Publications

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Hicks C. (2018) Dismantling the AUT64 Automotive Cipher in IACR Transactions on Cryptographic Hardware and Embedded Systems

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Van Bulck J (2019) A Tale of Two Worlds

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Wouters L. (2019) Dismantling DST80-based Immobiliser Systems in IACR Transactions on Cryptographic Hardware and Embedded Systems

 
Title Cyber security awareness month campaign 
Description Social Media campaign for Cyber security awareness month 
Type Of Art Film/Video/Animation 
Year Produced 2019 
Impact Increased engagement and awareness online. 
URL https://www.youtube.com/watch?v=defYa77Dw8w
 
Title Cyber security awareness month campaign 
Description Video produced for a social media campaign for cyber security awareness month. 
Type Of Art Film/Video/Animation 
Year Produced 2019 
Impact Increased engagement and awareness. 
URL https://www.youtube.com/watch?v=lWRT_TnEQdM
 
Title Quest video campaign 
Description A video produced for the University's quest campaign 
Type Of Art Film/Video/Animation 
Year Produced 2019 
Impact Video features researchers from the Centre for Cyber Security and Privacy talking about: How can we stay safe from hackers in the era of 'smart products'? 
URL https://www.youtube.com/watch?v=PDCCNuAjW5s&t=
 
Description We have analysed the security of several Trusted Execution Environments (TEEs) as these can be used as a root of trust and identified several (dozens) critical vulnerabilities. Furthermore, we have developed a new type of attack, which we called Plundervolt, which is able to inject computation faults into a TEE by leveraging dynamic voltage scaling features of the processor. We have worked together with the affected manufacturers developing solutions which has led to several cooperations.

We have worked on using hardware security anchors for several applications, especially the application of assisting user authentication.
This is work in progress.
Exploitation Route We have disseminated our vulnerability discoveries to the relevant manufacturers and designers, who will use it to improve their products.

We are working with companies on developing applications of hardware security anchors for user authentication. We hope they will develop products.
Sectors Digital/Communication/Information Technologies (including Software),Electronics,Security and Diplomacy

 
Description We have disseminated our vulnerability discoveries to the relevant manufacturers and designers, who will use it to improve their products. The methodology introduced in our paper "A Tale of Two Worlds" revealed 35 vulnerabilities in 8 security-critical shielding-frameworks for Intel processors. By responsibly disclosing these vulnerabilities and working together with the affected manufacturers all of these vulnerabilities are now fixed. This resulted in numerous security patches for commercial products including the Intel SGX-SDK, Microsoft Open Enclave, Google Asylo, and the Rust compiler. In June 2019, we informed Intel about a new type of vulnerability in their processors, which we called Plundervolt. Since then, we have had an open dialog with Intel to which we facilitated proof of concept code and demonstrators. As a consequence of this disclosure process, last December, Intel has rolled out a new microcode update to all of their processors worldwide. This covers approximately 90% the of all computer processors (CPUs). This has also attracted substantial media attention. We are working with companies on developing applications of hardware security anchors for user authentication. We hope they will develop products.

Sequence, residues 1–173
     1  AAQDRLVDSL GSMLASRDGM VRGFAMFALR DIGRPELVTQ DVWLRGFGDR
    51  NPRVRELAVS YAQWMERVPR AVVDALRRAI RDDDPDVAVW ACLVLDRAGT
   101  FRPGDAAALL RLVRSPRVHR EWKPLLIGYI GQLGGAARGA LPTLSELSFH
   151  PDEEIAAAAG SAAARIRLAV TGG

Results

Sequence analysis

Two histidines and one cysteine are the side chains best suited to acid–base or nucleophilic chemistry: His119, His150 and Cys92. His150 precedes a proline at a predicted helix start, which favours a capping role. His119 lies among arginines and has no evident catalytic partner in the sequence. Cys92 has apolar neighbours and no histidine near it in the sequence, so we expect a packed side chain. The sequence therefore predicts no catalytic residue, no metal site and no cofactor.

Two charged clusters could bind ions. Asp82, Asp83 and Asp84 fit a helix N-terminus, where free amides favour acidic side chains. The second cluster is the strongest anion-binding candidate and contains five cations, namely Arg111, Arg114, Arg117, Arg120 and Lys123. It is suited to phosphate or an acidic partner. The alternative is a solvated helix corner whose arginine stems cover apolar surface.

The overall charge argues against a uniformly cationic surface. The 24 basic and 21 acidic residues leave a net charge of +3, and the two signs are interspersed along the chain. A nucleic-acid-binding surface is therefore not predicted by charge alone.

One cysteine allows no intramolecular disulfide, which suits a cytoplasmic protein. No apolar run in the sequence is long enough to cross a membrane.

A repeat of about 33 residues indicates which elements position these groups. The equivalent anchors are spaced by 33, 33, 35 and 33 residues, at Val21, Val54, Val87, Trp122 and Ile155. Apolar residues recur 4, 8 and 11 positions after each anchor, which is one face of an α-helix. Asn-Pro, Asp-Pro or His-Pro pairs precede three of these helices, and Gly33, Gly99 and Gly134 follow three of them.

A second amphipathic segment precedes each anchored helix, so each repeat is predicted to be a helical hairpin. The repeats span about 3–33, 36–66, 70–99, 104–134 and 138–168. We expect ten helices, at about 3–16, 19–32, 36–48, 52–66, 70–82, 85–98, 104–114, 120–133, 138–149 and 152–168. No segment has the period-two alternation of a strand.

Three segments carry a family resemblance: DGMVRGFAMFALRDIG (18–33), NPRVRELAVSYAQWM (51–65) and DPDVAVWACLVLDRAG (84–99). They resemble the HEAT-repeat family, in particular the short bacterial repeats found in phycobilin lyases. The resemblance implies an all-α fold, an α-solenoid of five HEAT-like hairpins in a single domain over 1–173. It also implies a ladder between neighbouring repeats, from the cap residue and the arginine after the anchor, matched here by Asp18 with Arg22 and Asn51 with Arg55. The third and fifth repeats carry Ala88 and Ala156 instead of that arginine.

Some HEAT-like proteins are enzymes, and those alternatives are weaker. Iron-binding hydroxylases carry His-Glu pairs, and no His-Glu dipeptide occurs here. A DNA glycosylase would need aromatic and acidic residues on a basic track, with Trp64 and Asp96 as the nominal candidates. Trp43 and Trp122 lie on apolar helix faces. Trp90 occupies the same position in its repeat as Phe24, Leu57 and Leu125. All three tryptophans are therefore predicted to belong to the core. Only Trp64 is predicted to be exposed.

First Year Of Impact 2019
Sector Digital/Communication/Information Technologies (including Software),Electronics,Security and Diplomacy
Impact Types Economic

 
Description SIPP - Secure IoT Processor Platform with Remote Attestation
Amount £1,294,888 (GBP)
Funding ID EP/S030867/1 
Organisation Engineering and Physical Sciences Research Council (EPSRC) 
Sector Public
Country United Kingdom
Start 08/2019 
End 08/2022
 
Description Google Asylo 
Organisation Google
Department Research at Google
Country United States 
Sector Private 
PI Contribution Disclosed vulnerabilities. Found instances of the problematic [user_check] attribute that lacked proper pointer validation, leaving critical vulnerabilities in the compiled enclave
Collaborator Contribution -
Impact Improved security of products.
Start Year 2019
 
Description INTEL-SA-00289 
Organisation Intel Corporation
Department Intel Corporation (UK) Ltd
Country United Kingdom 
Sector Private 
PI Contribution Vulnerabilities disclosed. CVE-2019-11157
Collaborator Contribution -
Impact Improved security of products.
Start Year 2019
 
Description Intel SGX-SDK 
Organisation Intel Corporation
Department Intel Corporation (UK) Ltd
Country United Kingdom 
Sector Private 
PI Contribution Disclosed vulnerabilities, CVE-2018-3626 and CVE-2019-14565.
Collaborator Contribution -
Impact Improved security of product.
Start Year 2019
 
Description Microsoft Open Enclave 
Organisation Microsoft Research
Department Microsoft Research Cambridge
Country United Kingdom 
Sector Private 
PI Contribution Disclosed Vulnerabilities. CVE-2019-0876, CVE-2019-1369,and CVE-2019-1370.
Collaborator Contribution -
Impact Improved security of products.
Start Year 2019
 
Description Interviewed for article featured in the Chronicles of Higher Education 
Form Of Engagement Activity A press release, press conference or response to a media enquiry/interview
Part Of Official Scheme? No
Geographic Reach International
Primary Audience Media (as a channel to the public)
Results and Impact changing perception of offensive cyber research and demonstrating its benefits to industry.
Year(s) Of Engagement Activity 2019
URL https://www.chronicle.com/paid-article/Hack-ademics-prepare-us/291